Why Arthur Christmas appeals to people of all ages
Mahi Kaur, Contributor
When naming a favourite holiday movies, the first few choices that come to mind may be Elf, How The Grinch Stole Christmas, or It’s a Wonderful Life. Or perhaps a Tim Burton holiday movie if you’re edgy enough (which is something I’ve realized I am not). Edward Scissorhands and The Nightmare Before Christmas are both visually striking movies that not only appeal to more than one holiday (hello Halloween!), but also define and reflect subcultures within our society that go against mainstream notions of what a “holiday” movie looks like.
Despite the many wonderful options that exist, my favourite holiday movie for the time being remains Arthur Christmas, written and directed by Sarah Smith. The movie provides a 21st century spin on the timeless concept of the magic of Christmas. Santa’s sleigh, for example, isn’t fueled from people believing in Santa but rather “POTASH OF CARBONILOROXY ANILOCITRATE.” I don’t know what that is, but it does sound pretty scientifically testable.The movie satisfies the inner child, bombarding our overly logical brains with an unapologetic sense of magic.
The 2011 animated film portrays Santa Claus’ North Pole workshop as an old family run business that has gone through a series of transformations reflected by leading global events of the 20th century, (two World Wars, industrialization, and the technological revolution). The opening scene takes us through the Santa Claus Hall of Fame—contrary to popular belief, Santa isn’t one person. Instead, it’s a position passed down through the Claus patriarchy, starting with St. Nicholas as “Santa Claus the First”, and leading to the movies current “Santa Claus the Twentieth”. Although Arthur Christmas is dressed as a traditional holiday movie about Santa, it poses realistic questions about our bureaucratic mass-consumer society.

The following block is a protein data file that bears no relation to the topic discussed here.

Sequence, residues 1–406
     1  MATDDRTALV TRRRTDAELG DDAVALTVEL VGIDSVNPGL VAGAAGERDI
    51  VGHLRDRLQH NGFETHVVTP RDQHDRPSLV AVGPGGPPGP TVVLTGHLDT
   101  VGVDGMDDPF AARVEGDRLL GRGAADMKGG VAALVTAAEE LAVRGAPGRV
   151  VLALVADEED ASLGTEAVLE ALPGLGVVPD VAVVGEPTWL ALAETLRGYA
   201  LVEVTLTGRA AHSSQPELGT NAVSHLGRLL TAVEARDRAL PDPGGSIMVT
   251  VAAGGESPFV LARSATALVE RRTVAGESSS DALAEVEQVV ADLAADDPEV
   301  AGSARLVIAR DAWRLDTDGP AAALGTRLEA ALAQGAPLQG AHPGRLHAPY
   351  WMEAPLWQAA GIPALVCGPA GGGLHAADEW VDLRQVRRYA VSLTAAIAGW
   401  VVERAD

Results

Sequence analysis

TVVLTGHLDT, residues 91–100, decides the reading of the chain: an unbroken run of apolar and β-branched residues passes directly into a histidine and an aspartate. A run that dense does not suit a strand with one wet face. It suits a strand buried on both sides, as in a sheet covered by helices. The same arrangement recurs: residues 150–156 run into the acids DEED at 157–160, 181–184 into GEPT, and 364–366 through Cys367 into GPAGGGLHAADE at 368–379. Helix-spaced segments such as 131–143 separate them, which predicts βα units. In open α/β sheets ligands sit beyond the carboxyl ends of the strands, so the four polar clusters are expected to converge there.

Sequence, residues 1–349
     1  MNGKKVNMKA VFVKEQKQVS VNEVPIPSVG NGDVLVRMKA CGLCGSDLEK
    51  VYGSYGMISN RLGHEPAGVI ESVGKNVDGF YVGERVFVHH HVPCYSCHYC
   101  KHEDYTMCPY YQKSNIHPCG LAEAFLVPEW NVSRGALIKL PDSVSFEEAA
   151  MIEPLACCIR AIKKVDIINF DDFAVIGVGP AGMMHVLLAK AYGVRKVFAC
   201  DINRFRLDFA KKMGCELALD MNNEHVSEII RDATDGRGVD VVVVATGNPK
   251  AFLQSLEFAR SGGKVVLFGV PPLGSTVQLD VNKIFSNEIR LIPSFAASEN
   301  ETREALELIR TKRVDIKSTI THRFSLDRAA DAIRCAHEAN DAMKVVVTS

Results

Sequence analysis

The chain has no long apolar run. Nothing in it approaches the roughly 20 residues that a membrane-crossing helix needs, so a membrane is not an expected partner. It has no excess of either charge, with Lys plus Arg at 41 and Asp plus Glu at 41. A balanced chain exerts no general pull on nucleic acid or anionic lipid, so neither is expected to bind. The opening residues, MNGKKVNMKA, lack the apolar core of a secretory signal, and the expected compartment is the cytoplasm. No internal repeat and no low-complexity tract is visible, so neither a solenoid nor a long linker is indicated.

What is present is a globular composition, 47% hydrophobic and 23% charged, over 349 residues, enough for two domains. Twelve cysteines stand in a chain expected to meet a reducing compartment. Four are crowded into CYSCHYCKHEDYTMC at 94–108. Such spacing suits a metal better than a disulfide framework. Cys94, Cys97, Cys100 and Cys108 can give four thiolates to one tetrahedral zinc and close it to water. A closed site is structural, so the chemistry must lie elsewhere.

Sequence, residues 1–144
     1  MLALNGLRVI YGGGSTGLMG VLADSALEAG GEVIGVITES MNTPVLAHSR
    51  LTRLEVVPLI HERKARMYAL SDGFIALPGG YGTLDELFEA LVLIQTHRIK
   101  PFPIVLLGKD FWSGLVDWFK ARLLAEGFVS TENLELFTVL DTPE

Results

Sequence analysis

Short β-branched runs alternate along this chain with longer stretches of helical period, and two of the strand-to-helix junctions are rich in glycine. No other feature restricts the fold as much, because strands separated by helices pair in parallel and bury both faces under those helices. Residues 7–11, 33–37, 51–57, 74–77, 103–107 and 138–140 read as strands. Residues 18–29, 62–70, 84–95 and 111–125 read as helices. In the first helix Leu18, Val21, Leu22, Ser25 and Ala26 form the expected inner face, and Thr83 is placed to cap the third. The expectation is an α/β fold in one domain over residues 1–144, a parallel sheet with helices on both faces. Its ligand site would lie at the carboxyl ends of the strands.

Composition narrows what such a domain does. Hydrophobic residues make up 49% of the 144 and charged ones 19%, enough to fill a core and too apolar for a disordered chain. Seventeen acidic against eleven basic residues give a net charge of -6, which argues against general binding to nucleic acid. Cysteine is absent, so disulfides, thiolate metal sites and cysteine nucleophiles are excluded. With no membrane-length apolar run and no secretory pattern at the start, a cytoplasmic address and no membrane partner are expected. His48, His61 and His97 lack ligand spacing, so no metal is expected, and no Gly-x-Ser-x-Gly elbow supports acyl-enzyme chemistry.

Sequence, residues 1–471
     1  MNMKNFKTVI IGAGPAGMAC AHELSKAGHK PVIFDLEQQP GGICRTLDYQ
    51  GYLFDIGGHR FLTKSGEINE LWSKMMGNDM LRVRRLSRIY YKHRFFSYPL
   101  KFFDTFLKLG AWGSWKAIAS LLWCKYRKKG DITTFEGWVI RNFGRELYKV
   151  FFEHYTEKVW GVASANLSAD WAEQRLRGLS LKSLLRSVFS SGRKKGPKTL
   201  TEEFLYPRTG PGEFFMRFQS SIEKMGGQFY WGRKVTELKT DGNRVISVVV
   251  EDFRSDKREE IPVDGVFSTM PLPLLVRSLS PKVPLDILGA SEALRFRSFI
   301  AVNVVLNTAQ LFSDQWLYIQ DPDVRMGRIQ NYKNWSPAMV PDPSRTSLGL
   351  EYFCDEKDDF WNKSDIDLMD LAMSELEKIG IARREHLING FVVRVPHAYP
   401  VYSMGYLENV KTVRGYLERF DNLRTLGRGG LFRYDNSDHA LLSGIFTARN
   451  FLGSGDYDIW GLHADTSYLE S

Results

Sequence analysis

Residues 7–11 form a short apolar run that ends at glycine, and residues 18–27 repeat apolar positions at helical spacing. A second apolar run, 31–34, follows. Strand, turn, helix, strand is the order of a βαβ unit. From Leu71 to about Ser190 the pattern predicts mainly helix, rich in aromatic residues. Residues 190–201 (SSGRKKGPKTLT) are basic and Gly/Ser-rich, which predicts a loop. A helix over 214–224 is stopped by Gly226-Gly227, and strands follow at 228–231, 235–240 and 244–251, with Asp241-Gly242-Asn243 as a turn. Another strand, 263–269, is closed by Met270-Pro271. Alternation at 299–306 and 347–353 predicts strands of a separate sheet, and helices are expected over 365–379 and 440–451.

The combination of old and new define this film, and the unique and eccentric characters provide endless entertainment. The film’s namesake, Arthur, is the youngest son of the current Santa, a cheerful passionate young adult, with awkward tendencies. Alongside Arthur, we also meet Steve, his overtly masculine older brother. Arthur’s father: Santa Claus the Twentieth, is a relaxed and traditionally jolly looking old Santa Claus who is close to retirement. We also meet Arthur’s grandfather: Santa Claus the Nineteenth, the decorated retired army general, with a hint of insanity.
Of course, it wouldn’t be the Santa Dynasty without the mass employment of highly efficient elves. The conflict of the movie revolves around a present being missed, despite the long perfected system of Christmas gift giving. Arthur, who is not much involved in the actual operation of Santa’s gift giving, but responds to letters from children, is most affected by this error, and takes off on a mission to try and deliver the missing present to the child.
The film plays with capitalist consumer culture ideology and brings both symbolic irony and wit to the plot. Arthur Christmas has a charismatic appeal for several reasons—it stays true to the traditional Christmas movie narrative, while answering the practical, adult-brain question of how Santa’s Northpole Workshop would fit into our modern world. It has a little something for both children and adults, without mature themes and underlying messages bleeding into the overlying magic of the holidays the way they do in movies like Elf or Edward Scissorhands. Overall, it’s a great holiday movie—you may even forget you’re an adult for a little while.